Photo Credit: Paul Rutherford / USA Today-Sports
A “team of destiny” is a term that is coined often in sports; however it is accurately reflecting the 2018 Red Sox.
In sports, there are championship teams who have a slight edge on everyone. It is an ability, mindset, or dumb luck that enables them to distinguish themselves from the pack and win the championship. This is not empirical and there is no quantitative data to suggest what I’m saying is true, yet somehow you understand what I mean. That little extra thing that pushes champions over the top can be seen in other sports too. In soccer, scoring a timely late goal when the team needs it always seems elevate a club to the very top. Hell, even in football, the champion’s edge could be something as simple as the quarterback catching a trick play-pass in the Super Bowl versus one who doesn’t.
I am not going to lie to you, I think the Houston Astros have a better team on paper. Their lineup has more depth and juice in it, but that fact could be exacerbated by the absence of Dustin Pedroia in the middle part of the lineup. Houston’s starting pitching has perhaps three times the quality as Boston’s, especially after the aces. Their infield is much more solid defensively, enabling them to make game-altering plays. Lastly, their bullpen is one of the best in the game, while ours isn’t quite on that level. All that being said, the Boston Red Sox have been the best team in baseball all season, and game four cemented them as a team who is playing with a championship edge.
First, allow me to recap last night. Game 4 was determined by mere inches. Three plays in particular were affected by this: the fan interference call, Mookie Betts throwing-out Kemp at 2nd, and Andrew Benintendi’s game-winning catch in the 9th inning. If any of these plays change by a matter of inches, Houston could have easily won the game. This is especially true on the last play. If the ball just grazes the ground, skips over Benintendi’s stretched out glove, and goes past him, the Houston Astros would have had a 3-run walk off hit.
Here’s the thing… that didn’t happen. In a game where inches determined the outcome of a pivotal match, Boston won on each occasion. While the first play was in the hands of the umpire, Mookie’s throw-out and Benintendi’s catch were extraordinary plays that were made by the player. Boston clawed, fought, grabbed, and earned every inch in game four. That, fellow Red Sox fans, is a team with a championship edge and swagger – a team of destiny.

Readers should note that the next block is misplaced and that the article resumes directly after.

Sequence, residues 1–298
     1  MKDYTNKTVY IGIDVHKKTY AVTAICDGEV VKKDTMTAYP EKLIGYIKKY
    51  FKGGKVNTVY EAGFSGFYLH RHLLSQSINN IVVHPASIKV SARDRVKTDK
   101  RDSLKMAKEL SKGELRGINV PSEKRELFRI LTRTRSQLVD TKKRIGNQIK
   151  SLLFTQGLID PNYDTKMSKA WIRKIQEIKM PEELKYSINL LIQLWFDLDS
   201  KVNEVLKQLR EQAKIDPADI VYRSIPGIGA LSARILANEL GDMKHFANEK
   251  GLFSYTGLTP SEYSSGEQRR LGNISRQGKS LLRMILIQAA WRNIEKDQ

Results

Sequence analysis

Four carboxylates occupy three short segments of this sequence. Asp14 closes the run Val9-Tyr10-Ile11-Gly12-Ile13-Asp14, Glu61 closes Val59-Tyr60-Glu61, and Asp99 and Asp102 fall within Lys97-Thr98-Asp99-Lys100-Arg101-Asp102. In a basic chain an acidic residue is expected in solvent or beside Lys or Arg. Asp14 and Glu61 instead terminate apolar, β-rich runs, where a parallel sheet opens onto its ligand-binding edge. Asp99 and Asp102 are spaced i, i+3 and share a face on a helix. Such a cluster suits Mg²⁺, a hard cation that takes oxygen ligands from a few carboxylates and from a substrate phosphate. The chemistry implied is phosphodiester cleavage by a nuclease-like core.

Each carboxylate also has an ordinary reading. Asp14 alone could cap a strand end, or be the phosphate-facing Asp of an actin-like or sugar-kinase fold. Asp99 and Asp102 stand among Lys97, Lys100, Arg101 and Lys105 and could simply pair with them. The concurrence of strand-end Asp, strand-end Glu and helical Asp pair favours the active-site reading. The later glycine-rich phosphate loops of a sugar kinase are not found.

I do not believe in jinxing or cursing yourself. I believe in what I see and know. That is, the Red Sox have a 3-1 series lead over the defending champs and will at the very least have two opportunities to advance to the World Series by playing at home, one of which with Chris Sale on the mound. From there, they would play the NLCS winner. While the Dodgers and the Brewers are very good teams, they are not as good as the New York Yankees, let alone the Houston Astros. That is why I tell you this with confidence: game four has demonstrated that the Boston Red Sox are going to win the World Series.
Perhaps this claim is unjustified and that I will be proven grossly incorrect. But in game 4 of the ALCS I saw a team with a swagger, playing with an edge that separates them from every opponent. I saw a team that fought back and made the plays when it mattered most. I saw a team who looked the defending champs in the eye and took something away from them. I saw a team who scored in the last minute of added time and a team who caught a trick play-pass for a touchdown. Destiny is calling the Boston Red Sox, my friends. This team is going to win the World Series.